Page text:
Burris has asked justices to force White to sign the governor's letter appointing Burris.

Throughout the controversy, President-elect Barack Obama has tried to distance himself from the mess surrounding the vacant seat. But on Wednesday morning for the first time, Obama said he would be happy to work with Burris if the Senate seats him.

"That is a Senate matter, but I know Roland Burris. Obviously, he is from my home state. I think he is a fine public servant. If he is seated, I will work with Roland Burris like I work with all the other senators to make sure that the people of Illinois and people of the country are served," Obama said.

Senator Reid says he and colleagues in Washington will be watching developments in Springfield Thursday very closely. That is when Burris is scheduled to testify about his appointment before the state house impeachment committee.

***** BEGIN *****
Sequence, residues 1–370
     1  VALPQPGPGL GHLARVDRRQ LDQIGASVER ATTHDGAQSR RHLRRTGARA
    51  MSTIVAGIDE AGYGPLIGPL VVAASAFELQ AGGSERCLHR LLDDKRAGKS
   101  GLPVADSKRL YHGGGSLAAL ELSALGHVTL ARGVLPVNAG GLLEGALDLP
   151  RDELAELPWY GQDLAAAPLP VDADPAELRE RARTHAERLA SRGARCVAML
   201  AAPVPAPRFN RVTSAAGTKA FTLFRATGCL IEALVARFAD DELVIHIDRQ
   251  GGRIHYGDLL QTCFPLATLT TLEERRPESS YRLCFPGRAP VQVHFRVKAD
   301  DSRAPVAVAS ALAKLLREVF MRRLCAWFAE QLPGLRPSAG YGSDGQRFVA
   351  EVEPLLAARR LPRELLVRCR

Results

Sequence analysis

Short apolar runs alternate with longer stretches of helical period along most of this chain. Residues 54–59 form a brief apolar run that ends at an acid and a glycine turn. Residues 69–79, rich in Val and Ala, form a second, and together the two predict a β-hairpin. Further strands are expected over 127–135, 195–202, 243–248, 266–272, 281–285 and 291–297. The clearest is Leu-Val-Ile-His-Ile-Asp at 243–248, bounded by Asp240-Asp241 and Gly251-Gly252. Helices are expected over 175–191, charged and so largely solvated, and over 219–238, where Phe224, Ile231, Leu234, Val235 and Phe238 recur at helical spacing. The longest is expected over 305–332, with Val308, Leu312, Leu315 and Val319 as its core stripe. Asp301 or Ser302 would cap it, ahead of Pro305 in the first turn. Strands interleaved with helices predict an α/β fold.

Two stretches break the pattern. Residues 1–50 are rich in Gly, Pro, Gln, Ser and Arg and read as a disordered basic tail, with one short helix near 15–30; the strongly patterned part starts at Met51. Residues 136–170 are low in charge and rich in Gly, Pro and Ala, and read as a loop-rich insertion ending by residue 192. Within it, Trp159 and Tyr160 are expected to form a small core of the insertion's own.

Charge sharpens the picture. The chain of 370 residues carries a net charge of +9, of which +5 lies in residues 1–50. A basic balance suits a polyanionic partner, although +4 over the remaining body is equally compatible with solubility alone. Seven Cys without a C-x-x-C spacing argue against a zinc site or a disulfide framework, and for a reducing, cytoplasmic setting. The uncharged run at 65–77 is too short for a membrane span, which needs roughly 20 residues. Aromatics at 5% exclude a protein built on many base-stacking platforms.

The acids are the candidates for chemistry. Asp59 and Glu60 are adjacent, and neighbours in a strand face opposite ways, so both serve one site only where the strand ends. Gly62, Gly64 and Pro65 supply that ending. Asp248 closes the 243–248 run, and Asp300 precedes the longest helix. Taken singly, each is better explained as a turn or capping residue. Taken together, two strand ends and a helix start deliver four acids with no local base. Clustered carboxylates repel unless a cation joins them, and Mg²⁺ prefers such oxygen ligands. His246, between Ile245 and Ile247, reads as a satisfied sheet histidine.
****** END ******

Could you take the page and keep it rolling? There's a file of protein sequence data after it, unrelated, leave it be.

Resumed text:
Reid also says even if White signs the certificate, Reid would be possibly be willing to seat Burris, but he doesn't think that will happen without a full vote of every member of the United States Senate.

"We don't have a problem with him as an individual," Reid said as he dramatically softened his party's opposition to seating any appointee of embattled Gov. Rod Blogojevich. Federal prosecutors arrested the governor last month and accused him of trying to sell Obama's Senate seat.

Durbin said he hoped the legal matters would be resolved "so we can fill all the vacancies and have a full complement of the Senate."

The Associated Press contributed to this report.